Yes and no. Sorry if that seems wishy-washy, but it’s just a complicated question.


I was rooting for Ghana, along with two dozen Ugandans watching the match in the tiny and un-ironically named “Cozy Point” restaurant. We were all angry about Uruguayan player Luis Suarez’s blatant foul and heartbroken over Ghana’s subsequent loss. Though I generally try to avoid commenting on the mood of an entire continent, I’m pretty confident that most everyone else in Africa felt the same way. But that doesn’t necessarily mean it was cheating.

Bill Easterly posted some good analysis on the question (it’s also where I got the photo). See full post here. The basic argument: Suarez (and that other guy with the outstretched hand) knew the penalty for the action, knew he would be caught, and did it anyway. Any other player in the same situation is faced with the same incentives, and would come to the same conclusion. Witness Brazil’s Luis Fabiano admitting to his handball goal against Ivory Coast. But please, let’s not make this about South America vs Africa, because the entire culture of football involves trying to manipulate the referees. The diving, the whining about calls, the rolling around in apparent agony only to jump up again after the whistle blows — I honestly think it’s part of the reason why the sport has trouble attracting new fans in the United States.* It’s embarrassing to me as a fan of the beautiful game. Most people agree that the officiating was especially bad this World Cup; e.g. the disallowed US goal against Slovenia, the blatant offsides goal by Argentina against Mexico — oh, and the Brazil/Ivory Coast referee asking Fabiano whether it was a handball (see link above).

But I digress. What can be done in this instance? Easterly distinguishes rules from norms. We could say the rule failed in this case, so we need better rules such as an automatic goal option. Or we could say the norms failed, in which case we should brand Suarez as a cheater and blacklist him from fashionable social circles. Easterly’s right that they both failed in this case.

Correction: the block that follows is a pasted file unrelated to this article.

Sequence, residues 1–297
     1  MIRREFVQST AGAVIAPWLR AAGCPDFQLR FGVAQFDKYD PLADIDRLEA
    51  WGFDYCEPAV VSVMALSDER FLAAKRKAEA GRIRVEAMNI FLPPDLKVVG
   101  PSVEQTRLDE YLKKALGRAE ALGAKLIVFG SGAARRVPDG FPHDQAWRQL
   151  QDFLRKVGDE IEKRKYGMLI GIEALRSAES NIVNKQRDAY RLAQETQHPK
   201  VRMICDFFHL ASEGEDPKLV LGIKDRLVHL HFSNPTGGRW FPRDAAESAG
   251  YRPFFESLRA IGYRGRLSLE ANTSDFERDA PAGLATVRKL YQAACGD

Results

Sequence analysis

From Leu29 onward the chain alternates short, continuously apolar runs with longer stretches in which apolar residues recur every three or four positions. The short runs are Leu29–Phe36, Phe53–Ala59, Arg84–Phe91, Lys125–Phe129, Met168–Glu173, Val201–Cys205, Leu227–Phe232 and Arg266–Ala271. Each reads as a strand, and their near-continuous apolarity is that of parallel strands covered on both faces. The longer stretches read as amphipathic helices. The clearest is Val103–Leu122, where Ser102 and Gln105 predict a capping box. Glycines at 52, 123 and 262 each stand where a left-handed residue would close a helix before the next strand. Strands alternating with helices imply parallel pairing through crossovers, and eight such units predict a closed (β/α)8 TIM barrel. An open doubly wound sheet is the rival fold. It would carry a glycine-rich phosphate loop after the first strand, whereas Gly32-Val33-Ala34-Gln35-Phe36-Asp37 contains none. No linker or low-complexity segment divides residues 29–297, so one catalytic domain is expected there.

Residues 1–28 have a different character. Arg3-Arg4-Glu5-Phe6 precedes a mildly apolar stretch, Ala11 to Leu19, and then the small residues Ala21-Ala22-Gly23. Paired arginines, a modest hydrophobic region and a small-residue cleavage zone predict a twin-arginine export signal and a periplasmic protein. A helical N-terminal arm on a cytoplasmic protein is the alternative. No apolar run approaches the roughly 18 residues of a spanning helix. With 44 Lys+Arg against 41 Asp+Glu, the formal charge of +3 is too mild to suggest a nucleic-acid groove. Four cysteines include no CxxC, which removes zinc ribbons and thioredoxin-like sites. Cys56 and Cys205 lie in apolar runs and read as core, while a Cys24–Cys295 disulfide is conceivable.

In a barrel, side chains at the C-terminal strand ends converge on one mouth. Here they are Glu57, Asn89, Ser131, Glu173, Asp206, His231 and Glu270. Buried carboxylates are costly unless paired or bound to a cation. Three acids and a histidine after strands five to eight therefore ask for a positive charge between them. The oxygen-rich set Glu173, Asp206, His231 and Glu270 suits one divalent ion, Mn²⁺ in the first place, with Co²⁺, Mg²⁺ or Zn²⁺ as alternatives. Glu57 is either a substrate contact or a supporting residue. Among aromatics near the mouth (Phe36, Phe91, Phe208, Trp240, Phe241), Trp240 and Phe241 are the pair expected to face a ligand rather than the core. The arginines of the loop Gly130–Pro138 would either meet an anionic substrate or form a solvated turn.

In response to the cheating question: That’s why I say “Yes, he’s a cheater” and let’s brand him as such so that we can reinforce the norm against such actions, but also “No, he’s not a cheater” because he was simply responding to the incentives created by the rules. He demonstrated no intention to underminethem.

Feel free to draw your own analogies to corruption, bribery and similar problems in international development…


* But it’s only a small part of the reason why soccer isn’t more popular in the US. I think the bigger reason is, of course, money. All the athletic kids know they can earn big bucks by focusing their practice time on basketball, baseball, and American football. So the competition is fiercer in those sports, driving better performance. The rise of the MLS is great, but it will be a long while before the prestige of soccer trickles down to the collegiate and high school level.

  1. Another way of putting it is that even if he wasn’t a cheat, he was certainly a bad sport. The norm of good sportsmanship used to matter a lot more, I think, and football would be a much better game if it were returned.

    Worth noting, of course, is that sometimes rules can drive norms. For example, if a system were set up by which after match analysis was conducted (for international games) and players who took dives for the purpose of misleading the referee were subsequently suspended for a game or so, football might rid itself of at least some of the acting that accompanies nearly every tackle.


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